“This book is to be neither an accusation nor a confession, and least of all an adventure, for death is not an adventure to those who stand face to face with it. It will try simply to tell of a generation of men who, even though they may have escaped shells, were destroyed by the war.”
Erich Maria Remarque, All Quiet on the Western Front

On this Memorial Day, I will once again shed a tear for those who died in vain. While it may not be politically correct to say it aloud, not all who fight and die do so for a noble cause.

I will again think of my grandfather who stormed the beach at Normandy, France, on D-Day.
I will think of the thousands of white headstones I've witnessed at Arlington National Cemetery, perfectly aligned in tribute to those who died for the imperfection of others.
I will wonder still yet again why our politicians perpetually send our service men and women into undeclared and unnecessary combat.

I will do so by listening to "The Green Fields Of France" by the Dropkick Murphys. One of the most poignant songs I have ever heard about the folly of war. It is a song about a man observing a headstone of "Willy McBride" who died in in 1916 during World War I at the age of 19.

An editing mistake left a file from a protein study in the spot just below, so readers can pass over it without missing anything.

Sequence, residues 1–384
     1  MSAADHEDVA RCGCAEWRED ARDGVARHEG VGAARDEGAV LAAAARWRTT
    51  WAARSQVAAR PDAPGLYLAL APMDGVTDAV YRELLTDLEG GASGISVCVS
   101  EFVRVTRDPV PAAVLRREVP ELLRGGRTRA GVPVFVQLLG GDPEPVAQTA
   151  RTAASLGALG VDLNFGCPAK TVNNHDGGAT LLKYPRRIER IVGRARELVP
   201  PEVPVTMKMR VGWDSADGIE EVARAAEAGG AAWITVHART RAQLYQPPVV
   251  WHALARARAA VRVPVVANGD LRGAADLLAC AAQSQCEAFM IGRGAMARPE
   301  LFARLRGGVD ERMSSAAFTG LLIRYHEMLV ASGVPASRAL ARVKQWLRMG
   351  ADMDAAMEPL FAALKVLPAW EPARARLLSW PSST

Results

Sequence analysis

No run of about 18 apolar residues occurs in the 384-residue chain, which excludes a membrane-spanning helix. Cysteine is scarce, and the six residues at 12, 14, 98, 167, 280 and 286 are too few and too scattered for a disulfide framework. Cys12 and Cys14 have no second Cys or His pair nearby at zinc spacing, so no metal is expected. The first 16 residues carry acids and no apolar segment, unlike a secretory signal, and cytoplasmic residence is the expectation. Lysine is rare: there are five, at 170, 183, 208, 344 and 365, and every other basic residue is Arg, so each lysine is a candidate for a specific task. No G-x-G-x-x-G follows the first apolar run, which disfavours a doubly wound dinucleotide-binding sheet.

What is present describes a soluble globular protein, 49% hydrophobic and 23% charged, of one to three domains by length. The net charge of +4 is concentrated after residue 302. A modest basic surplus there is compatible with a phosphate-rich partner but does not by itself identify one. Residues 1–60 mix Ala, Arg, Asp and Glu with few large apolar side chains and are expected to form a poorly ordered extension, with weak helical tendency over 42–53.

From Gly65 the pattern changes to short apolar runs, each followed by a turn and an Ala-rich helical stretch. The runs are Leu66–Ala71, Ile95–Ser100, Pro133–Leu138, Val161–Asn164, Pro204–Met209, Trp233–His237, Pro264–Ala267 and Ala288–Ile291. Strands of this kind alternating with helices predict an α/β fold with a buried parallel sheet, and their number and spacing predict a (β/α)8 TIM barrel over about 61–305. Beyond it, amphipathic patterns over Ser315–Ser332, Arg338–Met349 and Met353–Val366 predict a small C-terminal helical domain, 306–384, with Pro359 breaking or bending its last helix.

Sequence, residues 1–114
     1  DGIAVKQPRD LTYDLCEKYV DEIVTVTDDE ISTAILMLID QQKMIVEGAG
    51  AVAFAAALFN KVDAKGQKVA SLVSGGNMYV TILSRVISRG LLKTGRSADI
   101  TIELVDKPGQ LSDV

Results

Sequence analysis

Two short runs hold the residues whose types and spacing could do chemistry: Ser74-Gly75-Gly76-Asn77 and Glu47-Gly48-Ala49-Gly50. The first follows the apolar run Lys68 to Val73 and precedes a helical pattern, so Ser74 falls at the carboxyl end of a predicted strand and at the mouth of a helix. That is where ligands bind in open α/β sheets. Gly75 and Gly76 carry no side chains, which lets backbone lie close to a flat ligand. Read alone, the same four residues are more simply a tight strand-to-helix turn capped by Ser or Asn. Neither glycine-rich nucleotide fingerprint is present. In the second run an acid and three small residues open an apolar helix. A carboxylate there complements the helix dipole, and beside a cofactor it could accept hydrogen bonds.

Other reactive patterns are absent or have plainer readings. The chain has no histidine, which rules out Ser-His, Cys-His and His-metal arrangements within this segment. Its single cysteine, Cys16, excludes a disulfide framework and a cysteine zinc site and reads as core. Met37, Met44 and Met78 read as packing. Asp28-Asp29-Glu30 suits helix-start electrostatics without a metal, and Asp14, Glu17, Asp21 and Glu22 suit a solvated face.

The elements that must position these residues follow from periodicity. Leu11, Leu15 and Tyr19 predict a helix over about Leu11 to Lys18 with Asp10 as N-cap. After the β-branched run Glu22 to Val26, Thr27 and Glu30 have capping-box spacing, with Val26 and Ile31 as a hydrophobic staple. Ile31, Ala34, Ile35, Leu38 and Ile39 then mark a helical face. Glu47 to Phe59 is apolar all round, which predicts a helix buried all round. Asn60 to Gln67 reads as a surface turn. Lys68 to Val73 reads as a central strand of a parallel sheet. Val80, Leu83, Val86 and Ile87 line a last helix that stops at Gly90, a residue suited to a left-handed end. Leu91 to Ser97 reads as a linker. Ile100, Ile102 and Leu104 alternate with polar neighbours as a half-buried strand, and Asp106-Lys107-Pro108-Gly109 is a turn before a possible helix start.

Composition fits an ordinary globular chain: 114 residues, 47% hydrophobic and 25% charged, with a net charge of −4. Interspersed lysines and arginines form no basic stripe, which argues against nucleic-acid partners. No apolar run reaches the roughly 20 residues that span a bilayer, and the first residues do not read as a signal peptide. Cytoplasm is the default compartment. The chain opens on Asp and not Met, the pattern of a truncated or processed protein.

At its conclusion it asks:

"I can't help but wonder, oh Willy McBride,
Do all those who lie here know why they died?
Did you really believe them when they told you the cause?
Did you really believe that this war would end wars?
Well the suffering, the sorrow, the glory, the shame,
The killing and dying was all done in vain.
Oh, Willy McBride it all happened again.
And again, and again, and again, and again..."

*WARNING* This fan-created video contains graphic images that may be disturbing to some. Then again, shouldn't war be disturbing to us?

On this Memorial Day 2019, I salute all of those who have served, whether voluntarily or by conscription.


LOOK: 100 years of American military history

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